- The core competencies that students need for success—critical thinking, communication, problem solving, and cross-cultural understanding, for example—should be intentionally taught, not left to chance.
- These competencies can be summed up with one word: wisdom. True wisdom is the ability to apply one's knowledge appropriately when faced with novel situations.
A new study may help us better understand how children build social cognition through caregiver interaction.
Researchers at UT Southwestern noted a 47 percent increase in blood flow to regions associated with memory.
- Researchers at UT Southwestern observed a stark improvement in memory after cardiovascular exercise.
- The year-long study included 30 seniors who all had some form of memory impairment.
- The group of seniors that only stretched for a year did not fair as well in memory tests.
A strange weakness in the Earth's protective magnetic field is growing and possibly splitting, shows data.
- "The South Atlantic Anomaly" in the Earth's magnetic field is growing and possibly splitting, shows data.
- The information was gathered by the ESA's Swarm Constellation mission satellites.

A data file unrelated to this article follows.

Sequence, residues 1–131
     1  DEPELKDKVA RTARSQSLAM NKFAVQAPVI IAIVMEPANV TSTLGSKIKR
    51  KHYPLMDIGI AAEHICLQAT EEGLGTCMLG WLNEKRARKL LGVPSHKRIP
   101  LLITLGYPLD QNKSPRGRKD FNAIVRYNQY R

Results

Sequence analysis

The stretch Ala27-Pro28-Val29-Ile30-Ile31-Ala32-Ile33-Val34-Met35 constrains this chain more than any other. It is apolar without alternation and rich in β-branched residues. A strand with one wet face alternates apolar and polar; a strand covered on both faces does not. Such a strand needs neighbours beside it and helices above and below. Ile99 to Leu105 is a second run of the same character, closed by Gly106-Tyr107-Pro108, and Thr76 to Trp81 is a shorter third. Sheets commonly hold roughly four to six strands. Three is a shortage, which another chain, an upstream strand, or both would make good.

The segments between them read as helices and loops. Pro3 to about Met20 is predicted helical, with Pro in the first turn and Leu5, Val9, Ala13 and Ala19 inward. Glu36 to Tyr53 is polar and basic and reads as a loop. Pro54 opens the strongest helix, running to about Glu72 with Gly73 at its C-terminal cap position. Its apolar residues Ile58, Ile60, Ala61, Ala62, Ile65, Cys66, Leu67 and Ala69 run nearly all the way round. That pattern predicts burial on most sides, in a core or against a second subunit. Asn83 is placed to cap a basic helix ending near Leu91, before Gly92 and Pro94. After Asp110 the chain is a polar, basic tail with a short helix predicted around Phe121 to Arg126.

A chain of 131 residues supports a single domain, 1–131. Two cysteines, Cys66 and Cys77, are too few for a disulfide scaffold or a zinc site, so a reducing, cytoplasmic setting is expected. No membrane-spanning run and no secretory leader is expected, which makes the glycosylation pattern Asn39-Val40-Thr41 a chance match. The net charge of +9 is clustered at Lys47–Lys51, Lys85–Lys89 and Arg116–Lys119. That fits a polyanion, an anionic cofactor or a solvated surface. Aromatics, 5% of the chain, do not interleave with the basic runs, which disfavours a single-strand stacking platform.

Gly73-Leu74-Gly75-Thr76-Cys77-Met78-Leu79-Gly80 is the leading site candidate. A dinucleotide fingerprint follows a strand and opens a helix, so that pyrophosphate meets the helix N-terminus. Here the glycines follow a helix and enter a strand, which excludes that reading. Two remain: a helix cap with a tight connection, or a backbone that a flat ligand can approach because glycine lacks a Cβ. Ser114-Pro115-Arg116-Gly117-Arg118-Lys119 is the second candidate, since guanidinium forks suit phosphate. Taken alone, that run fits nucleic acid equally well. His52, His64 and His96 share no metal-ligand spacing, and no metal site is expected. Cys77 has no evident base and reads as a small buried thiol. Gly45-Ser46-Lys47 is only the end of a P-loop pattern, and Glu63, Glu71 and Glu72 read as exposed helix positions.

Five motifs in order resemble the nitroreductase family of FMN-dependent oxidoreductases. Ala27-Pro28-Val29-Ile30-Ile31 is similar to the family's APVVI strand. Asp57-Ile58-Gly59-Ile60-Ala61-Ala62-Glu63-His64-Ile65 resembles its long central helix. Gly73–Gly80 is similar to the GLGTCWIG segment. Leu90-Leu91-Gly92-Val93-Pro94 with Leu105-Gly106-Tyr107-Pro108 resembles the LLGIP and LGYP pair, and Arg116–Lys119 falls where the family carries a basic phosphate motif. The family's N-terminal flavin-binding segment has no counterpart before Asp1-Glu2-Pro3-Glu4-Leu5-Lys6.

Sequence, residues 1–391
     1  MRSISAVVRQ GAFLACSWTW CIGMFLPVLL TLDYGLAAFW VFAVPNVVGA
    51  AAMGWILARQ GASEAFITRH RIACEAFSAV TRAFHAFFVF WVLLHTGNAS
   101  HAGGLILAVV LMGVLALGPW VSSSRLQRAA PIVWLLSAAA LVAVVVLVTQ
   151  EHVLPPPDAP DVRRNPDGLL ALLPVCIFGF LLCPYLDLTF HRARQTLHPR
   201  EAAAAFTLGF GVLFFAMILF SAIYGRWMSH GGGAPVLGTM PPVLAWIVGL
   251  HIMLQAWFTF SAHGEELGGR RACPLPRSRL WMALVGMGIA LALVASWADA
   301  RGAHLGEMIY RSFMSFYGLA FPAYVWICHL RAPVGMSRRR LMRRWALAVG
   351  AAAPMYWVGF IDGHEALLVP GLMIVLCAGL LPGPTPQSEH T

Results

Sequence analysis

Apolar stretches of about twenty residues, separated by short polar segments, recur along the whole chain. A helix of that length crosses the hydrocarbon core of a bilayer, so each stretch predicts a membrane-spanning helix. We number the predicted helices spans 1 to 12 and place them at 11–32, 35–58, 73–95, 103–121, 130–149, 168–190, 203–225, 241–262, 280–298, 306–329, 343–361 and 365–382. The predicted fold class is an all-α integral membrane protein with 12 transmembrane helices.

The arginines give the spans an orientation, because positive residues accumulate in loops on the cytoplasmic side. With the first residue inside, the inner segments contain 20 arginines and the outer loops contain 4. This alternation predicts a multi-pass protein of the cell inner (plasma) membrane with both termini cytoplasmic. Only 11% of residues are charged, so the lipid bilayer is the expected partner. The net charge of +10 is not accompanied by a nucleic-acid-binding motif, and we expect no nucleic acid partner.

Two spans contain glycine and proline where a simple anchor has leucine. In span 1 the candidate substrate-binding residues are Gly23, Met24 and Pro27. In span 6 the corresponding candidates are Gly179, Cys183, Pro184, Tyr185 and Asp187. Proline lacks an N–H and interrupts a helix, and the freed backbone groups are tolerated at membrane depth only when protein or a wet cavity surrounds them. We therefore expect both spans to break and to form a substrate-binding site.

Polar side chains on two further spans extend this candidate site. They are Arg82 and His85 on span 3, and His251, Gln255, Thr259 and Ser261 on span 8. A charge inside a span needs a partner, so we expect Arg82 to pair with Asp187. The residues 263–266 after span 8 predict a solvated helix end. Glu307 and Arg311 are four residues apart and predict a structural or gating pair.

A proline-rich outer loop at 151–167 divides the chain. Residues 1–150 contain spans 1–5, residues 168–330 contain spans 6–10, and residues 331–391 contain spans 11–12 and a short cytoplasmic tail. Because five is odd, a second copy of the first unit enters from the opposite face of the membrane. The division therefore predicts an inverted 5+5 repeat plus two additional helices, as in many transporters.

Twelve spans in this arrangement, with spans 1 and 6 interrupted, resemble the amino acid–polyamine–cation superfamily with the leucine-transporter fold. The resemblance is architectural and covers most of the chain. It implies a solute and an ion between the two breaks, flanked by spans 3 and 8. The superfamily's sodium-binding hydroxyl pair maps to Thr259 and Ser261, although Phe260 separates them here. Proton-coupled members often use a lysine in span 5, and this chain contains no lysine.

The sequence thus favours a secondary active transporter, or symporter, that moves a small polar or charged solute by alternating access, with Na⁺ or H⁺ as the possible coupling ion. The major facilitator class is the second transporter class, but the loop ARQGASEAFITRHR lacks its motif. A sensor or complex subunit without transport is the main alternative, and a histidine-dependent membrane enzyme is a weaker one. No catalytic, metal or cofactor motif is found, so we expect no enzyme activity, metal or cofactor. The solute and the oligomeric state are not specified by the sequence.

- The changes may indicate the coming reversal of the North and South Poles.
According to a man that knows more than 20 languages, the key is to start in the middle.
- Canadian polyglot Steve Kaufmann says there is indeed a fast track to learning a new language. It involves doubling down on your listening and reading.
- By taking the focus off grammar rules that are difficult to understand and even more difficult to remember, you can instead develop habits by greater exposure to the language. Kaufmann likens the learning process to a hockey stick.
- In the beginning you make major progress as you climb the steep hill of the hockey stick, whereas the long shaft of the stick is the difficult part. Because you're not seeing day-to-day changes, you might lose motivation. So, stay the course by consuming content that interests you.